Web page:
Doctors Forget Cotton in Woman’s Belly For Seven Months After Performing Caesarean Procedure
A 25-year-old Irene Joyce who underwent a caesarean section procedure which aided the delivery of her twins at Kenyan Teaching and Referral Hospital in Kisumu has continued to grapple with a severe, prolonged cough and breading difficulties besides intense chest pains as doctors left tidbits of cotton in her lower abdomen.
Joyce and her husband are begging well-wishers to help them get medical attention seven months after the caesarean section.
Upon discovery of the cotton through prescribed external scan, doctors at the Jaramogi Odinga Oginga Teaching and Referral Hospital have refused to put her through a surgical operations to clean her of the cotton that has since stripped her of wellness and posed huge danger to her life.
“After six days, l started feeling a sharp pain in my lower abdomen. At first I thought it was normal to feel pains in the stomach considering I was healing after going through an operation,” says the mother of four.
“I had to go back to the same hospital, where I went through a series of tests that yielded nothing,” she says, adding that she was taken to the intensive care unit when she developed breathing difficulties.
She spent three days at the ICU and another two weeks in the general ward.
“I had severe pains in the lower abdomen, and breathing difficulties, forcing me to use an inhaler. The coughs could last for five minutes, while my body swelled whenever I had a meal. I just couldn’t understand what was happening in my body,” says the second-hand shoe-seller, who had to abandon her source of livelihood because of her ill health.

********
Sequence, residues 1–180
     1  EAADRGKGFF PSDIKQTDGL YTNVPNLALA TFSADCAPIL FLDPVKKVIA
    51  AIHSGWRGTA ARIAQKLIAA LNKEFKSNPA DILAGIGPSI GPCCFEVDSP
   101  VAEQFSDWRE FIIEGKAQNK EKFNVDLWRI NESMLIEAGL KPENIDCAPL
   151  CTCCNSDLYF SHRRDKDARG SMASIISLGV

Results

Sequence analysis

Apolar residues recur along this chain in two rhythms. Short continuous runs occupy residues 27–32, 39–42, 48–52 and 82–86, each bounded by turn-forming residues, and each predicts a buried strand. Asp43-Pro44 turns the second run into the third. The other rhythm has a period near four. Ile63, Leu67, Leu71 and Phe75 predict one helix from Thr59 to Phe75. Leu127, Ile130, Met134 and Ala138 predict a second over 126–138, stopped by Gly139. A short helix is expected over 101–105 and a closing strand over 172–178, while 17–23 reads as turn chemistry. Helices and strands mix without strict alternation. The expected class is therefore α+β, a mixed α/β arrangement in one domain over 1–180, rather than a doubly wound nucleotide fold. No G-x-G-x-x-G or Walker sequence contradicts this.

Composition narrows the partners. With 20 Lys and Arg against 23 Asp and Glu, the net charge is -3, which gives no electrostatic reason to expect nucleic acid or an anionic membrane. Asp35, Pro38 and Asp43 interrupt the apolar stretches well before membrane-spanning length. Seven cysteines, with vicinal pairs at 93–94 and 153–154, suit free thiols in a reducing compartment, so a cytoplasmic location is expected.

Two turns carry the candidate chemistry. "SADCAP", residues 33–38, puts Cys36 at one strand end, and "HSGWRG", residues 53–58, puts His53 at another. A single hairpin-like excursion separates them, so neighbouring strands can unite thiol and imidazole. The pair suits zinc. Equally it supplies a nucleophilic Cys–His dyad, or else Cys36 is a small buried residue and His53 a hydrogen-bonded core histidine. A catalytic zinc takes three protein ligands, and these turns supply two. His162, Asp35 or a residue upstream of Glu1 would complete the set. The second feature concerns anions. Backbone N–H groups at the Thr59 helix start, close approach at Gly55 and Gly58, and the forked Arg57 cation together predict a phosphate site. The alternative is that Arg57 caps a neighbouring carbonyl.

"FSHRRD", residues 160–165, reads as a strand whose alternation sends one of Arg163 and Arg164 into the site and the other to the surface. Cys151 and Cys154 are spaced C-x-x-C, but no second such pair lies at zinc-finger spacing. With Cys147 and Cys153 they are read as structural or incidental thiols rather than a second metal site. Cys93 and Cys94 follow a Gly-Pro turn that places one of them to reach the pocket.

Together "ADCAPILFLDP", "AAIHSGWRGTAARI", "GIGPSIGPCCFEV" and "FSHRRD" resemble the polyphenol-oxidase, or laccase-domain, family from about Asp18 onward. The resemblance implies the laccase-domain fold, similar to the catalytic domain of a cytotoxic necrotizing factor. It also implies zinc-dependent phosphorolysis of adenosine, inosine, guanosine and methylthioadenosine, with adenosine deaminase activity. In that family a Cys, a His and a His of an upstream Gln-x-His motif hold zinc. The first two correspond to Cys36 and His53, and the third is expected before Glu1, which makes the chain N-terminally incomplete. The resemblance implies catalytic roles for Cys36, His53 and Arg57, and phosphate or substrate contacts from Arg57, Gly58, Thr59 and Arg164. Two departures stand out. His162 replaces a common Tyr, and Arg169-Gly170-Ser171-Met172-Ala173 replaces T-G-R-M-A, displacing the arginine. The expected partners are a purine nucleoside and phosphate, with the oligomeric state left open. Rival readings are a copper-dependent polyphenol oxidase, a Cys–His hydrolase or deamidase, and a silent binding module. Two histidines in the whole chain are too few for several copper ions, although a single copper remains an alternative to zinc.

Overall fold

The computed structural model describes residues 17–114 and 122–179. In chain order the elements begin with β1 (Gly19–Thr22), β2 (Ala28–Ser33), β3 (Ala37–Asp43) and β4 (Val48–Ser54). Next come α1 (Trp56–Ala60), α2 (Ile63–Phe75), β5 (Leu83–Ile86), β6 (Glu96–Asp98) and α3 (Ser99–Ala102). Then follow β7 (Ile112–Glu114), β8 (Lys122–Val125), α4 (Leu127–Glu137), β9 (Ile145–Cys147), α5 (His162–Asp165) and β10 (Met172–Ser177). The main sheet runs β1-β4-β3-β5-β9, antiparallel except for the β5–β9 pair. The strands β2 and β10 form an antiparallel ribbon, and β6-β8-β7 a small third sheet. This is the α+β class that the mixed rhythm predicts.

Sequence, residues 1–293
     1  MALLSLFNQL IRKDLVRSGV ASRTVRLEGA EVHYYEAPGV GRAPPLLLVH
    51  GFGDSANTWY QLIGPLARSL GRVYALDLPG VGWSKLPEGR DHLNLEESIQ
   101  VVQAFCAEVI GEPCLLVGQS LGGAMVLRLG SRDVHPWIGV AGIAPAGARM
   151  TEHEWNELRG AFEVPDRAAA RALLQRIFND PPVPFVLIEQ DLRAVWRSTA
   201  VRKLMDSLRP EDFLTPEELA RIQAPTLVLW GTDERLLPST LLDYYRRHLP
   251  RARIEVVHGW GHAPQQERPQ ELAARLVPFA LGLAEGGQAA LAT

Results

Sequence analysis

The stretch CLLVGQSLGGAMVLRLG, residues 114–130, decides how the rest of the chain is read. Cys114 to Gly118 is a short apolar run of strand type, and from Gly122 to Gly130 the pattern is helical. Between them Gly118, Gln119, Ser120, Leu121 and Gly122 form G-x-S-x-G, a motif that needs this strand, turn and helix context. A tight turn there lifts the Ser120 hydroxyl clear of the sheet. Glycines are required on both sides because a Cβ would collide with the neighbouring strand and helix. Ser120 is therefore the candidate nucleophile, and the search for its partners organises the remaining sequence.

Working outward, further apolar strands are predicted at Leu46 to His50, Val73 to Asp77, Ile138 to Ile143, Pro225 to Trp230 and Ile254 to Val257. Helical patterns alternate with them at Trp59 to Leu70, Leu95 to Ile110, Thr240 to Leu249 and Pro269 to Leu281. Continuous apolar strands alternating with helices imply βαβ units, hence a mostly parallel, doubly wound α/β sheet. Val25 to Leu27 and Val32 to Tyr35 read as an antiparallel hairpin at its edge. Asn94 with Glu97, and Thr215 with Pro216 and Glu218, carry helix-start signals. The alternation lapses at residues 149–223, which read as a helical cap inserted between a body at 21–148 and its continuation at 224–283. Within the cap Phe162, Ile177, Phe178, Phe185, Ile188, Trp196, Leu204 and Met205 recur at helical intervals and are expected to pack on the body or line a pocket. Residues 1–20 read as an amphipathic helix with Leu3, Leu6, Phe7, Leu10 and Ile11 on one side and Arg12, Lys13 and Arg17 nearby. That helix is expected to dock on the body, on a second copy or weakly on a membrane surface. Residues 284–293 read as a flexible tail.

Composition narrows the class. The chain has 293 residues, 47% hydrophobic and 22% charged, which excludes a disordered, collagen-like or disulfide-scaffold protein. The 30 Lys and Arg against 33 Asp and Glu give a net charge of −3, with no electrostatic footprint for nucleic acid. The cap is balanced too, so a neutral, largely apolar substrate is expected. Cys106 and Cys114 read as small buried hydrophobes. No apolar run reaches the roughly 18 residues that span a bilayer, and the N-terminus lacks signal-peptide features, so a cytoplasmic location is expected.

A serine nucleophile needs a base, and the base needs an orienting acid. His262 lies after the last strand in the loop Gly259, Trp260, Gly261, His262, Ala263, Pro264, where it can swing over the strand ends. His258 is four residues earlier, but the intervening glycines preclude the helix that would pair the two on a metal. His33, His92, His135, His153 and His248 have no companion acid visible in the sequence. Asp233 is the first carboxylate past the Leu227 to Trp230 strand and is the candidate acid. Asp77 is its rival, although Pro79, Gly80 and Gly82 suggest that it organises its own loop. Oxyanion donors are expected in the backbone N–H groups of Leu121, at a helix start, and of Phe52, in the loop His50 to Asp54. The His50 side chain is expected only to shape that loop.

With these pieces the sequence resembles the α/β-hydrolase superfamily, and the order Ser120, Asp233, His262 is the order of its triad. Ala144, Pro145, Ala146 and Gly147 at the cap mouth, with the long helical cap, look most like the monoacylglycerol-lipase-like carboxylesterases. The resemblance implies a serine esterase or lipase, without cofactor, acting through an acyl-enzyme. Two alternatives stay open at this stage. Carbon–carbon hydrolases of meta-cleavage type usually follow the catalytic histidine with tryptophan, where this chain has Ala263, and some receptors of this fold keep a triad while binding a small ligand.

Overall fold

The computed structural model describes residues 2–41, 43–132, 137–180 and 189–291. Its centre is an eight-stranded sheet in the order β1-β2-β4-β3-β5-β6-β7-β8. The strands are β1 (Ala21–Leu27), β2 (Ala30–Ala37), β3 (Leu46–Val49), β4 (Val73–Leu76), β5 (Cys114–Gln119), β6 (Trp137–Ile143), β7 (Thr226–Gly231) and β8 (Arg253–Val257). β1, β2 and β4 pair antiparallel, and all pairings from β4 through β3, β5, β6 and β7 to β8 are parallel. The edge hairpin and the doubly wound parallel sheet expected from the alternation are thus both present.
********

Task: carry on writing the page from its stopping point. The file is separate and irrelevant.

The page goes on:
She adds: “After consulting several specialists in Kisumu, a doctor recommended a CT scan and an examination of the lower abdomen.”
Her husband, Mr Bernard Oluoch, says the specialist was reluctant to reveal to them the results of the scan, “but he finally told us there were traces of cotton in the lower abdomen which needed an urgent surgical operation.”
“We went to the referral hospital with the results, and the doctor in charge scheduled the operation after a month, but it is now seven months since my wife started developing these complications,” says Mr Oluoch. The security guard quit his job to take care of his wife and children.
According to the hospital boss, Dr Peter Okoth, the delay in attending to Mrs Oluoch was caused by the need to investigate the case and check the history of the patient.
“We are arranging to have the patient back in hospital because of the complications that have emerged,” he says.